The Court of Cassation, with the sentence no. 4879 of 24 February 2020 confirmed that the reinstatement protection provided by article 18, paragraph 4 of Law 300/1970 in case of “inexistence of the claimed fact” is also applicable in the case of inexistence of the claim or if the same contains facts different than those used as the basis for dismissal.

Facts of the case

The court events resulting in the ruling of the Supreme Court witnessed the progression of two decisions aligned by the territorial trial judges.

The Court of Appeals, confirming the ruling of the judge of first instance, considered that:

  • the disciplinary dismissal notified to the worker as unlawful, due to inexistence of the alleged material fact. This was based on the fact that no threatening intent was found in the sentence, “I have nothing to lose, if I get hurt I won’t be the only one to get hurt” declared by the employee as a reaction to the behavior of the employer who had denied him the possibility of going on holiday in August; and
  • violated the principle of immutability of the disciplinary action, deducible from the comparative assessment between the circumstances of the fact declared in the objection to the charge and the different and additional circumstances deducible in the dismissal letter. The latter referred for the first time to actions of “blackmail, threat and injury to the company image” allegedly carried out by the worker.

Lastly, based on these findings the fairness of the applied reinstatement protection was confirmed, without finding the different issue of the proportionality between the dismissal and fact of modest unlawfulness.

Against the second instance decision, the employer filed an appeal in Cassation Court, deducing that procedural mistakes, even serious, can give rise only to a reduced indemnity benefit, while the other benefits may apply when there is a substantial lack of justification for the dismissal.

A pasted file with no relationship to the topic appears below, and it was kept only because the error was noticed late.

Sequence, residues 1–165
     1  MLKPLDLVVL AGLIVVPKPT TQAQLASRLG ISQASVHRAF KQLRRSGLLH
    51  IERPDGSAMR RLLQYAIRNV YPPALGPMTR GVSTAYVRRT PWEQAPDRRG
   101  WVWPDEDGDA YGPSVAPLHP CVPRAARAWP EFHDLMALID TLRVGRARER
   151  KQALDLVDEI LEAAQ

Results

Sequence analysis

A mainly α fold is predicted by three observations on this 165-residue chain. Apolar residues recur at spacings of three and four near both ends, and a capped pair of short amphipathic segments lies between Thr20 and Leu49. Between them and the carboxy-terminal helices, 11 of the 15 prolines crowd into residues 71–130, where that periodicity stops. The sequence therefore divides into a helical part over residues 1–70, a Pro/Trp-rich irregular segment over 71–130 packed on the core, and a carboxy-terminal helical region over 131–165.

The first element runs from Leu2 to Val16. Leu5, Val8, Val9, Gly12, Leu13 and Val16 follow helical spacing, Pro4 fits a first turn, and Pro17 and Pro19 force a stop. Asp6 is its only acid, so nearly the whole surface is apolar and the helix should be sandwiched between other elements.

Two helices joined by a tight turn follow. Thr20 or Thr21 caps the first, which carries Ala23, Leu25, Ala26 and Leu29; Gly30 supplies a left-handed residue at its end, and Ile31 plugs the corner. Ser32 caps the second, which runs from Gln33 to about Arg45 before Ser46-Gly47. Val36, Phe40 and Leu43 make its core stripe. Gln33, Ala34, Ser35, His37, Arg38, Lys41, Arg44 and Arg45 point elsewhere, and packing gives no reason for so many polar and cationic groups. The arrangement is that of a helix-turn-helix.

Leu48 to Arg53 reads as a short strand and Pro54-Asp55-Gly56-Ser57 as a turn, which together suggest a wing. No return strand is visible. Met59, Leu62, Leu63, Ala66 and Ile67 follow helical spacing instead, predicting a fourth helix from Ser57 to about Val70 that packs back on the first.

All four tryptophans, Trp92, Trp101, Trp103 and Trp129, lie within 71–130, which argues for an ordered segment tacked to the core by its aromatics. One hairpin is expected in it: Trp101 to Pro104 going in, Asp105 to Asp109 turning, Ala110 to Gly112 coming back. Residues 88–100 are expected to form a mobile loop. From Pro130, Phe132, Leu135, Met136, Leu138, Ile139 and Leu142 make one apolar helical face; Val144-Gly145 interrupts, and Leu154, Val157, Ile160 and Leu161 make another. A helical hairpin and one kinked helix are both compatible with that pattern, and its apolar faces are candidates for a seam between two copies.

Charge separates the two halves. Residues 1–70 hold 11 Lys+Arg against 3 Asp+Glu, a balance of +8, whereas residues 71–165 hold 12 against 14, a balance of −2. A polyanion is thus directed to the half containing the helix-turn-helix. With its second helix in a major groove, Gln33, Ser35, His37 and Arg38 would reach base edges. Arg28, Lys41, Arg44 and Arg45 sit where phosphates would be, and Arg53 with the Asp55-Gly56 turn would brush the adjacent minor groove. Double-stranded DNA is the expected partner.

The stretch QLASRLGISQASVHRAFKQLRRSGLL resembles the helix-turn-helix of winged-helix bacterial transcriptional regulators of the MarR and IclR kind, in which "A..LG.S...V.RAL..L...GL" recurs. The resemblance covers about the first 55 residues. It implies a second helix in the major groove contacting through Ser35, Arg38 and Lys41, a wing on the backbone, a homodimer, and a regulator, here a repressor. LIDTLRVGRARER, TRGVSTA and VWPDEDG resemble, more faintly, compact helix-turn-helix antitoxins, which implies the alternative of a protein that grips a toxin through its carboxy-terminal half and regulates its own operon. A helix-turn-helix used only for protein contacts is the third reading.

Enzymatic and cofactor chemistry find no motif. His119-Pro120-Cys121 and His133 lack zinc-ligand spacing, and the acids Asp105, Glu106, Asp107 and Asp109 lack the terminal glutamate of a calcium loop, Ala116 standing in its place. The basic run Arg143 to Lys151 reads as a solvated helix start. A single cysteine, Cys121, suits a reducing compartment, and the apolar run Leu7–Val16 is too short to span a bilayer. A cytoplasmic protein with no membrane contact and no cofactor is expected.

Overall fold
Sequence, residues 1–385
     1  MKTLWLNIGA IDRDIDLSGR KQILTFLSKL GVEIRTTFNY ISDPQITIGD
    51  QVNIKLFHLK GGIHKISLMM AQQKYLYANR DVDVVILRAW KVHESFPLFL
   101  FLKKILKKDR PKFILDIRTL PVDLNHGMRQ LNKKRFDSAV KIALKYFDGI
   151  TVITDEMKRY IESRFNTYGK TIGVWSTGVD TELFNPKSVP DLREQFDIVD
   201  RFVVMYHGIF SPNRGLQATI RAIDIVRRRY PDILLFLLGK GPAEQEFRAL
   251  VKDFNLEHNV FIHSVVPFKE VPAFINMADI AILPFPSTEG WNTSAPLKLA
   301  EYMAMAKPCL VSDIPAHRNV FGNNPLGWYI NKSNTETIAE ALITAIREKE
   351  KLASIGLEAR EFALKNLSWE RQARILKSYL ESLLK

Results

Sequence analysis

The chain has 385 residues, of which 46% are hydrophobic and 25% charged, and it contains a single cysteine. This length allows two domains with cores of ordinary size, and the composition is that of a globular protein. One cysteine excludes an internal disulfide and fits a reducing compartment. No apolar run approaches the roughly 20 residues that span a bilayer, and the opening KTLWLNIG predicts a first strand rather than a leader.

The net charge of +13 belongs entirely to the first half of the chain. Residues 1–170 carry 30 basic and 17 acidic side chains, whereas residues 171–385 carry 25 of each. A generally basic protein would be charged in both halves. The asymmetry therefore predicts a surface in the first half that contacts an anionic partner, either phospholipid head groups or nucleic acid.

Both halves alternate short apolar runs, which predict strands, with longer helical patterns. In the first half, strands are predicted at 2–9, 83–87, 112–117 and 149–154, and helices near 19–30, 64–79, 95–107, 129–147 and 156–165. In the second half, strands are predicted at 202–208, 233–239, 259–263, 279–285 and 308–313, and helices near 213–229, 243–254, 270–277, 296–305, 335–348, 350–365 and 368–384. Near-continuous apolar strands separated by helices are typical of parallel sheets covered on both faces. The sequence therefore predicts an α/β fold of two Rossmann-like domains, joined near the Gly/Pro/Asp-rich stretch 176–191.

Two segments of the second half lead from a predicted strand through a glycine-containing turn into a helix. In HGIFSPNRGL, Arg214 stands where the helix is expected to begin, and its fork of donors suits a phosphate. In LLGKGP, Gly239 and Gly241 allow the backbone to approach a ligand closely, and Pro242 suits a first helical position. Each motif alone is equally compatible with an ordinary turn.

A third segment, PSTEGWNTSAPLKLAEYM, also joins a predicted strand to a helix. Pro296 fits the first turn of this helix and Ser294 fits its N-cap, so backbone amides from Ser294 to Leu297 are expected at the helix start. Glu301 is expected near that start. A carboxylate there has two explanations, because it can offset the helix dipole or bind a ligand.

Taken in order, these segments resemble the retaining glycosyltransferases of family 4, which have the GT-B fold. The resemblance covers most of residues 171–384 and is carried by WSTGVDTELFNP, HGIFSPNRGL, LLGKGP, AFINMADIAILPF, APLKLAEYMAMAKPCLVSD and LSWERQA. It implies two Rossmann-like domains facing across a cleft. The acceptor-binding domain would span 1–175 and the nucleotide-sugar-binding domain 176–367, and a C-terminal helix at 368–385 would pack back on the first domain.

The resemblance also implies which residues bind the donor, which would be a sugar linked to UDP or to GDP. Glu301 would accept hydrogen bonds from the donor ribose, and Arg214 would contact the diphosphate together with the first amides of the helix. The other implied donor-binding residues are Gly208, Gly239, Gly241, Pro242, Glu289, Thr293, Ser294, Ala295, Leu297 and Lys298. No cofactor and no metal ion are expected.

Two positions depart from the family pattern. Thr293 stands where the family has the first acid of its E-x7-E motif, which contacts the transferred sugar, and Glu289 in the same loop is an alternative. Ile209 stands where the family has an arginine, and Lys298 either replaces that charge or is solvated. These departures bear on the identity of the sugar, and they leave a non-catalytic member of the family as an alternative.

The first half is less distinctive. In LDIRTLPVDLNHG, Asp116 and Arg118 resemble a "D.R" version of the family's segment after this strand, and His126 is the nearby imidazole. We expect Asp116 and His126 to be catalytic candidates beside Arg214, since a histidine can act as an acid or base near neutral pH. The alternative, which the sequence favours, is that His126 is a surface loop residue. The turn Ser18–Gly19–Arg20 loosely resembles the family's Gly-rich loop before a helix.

The decision of the Court of Cassation

The Court of Cassation observed that in the presence of a formally vitiated dismissal, and thus ineffective, due to violation of the motivation obligation, application of a reduced indemnity (still replacing the job) penalty is admissible, as long as variable from a minimum of 6 to maximum of 12 monthly salaries, taking into account the seriousness of the committed formal violation (article 18, paragraph 6 of the Workers’ Statute).

In any case, according to the Court of Cassation, without prejudice to application of different protections included in article 18, paragraphs 4, 5 or 7 – replacing the reduced indemnity benefit and not in addition to it – if, based on the worker’s claim, the unjustness of the dismissal emerges. Unjustness of the dismissal means the inexistence of a subjective or objective just cause or a just cause where the burden of proof, once the worker has explained his claim, remains the responsibility of the employer as per article 5 of Law 604/1966.

The Court of Cassation – faced with the debated issue of identifying an applicable protection regime in the event of initial omission of claim of certain behaviors – thus established that “where the dismissal is notified without disciplinary action, the same continues, as in the past, to be considered unjustified and is punished with reinstatement and limited compensation effects”.

Justification of the reintegration benefit, again according to the Court, is found in the fact that, according to article 18, paragraph 4 of the Workers’ Statute, such protection is provided in case of “inexistence of the claimed fact”, which implicitly cannot also include the supposition of inexistence of the claim.

Based on all of the mentioned motivations, the appeal of the employer company was rejected, since it was considered completely groundless.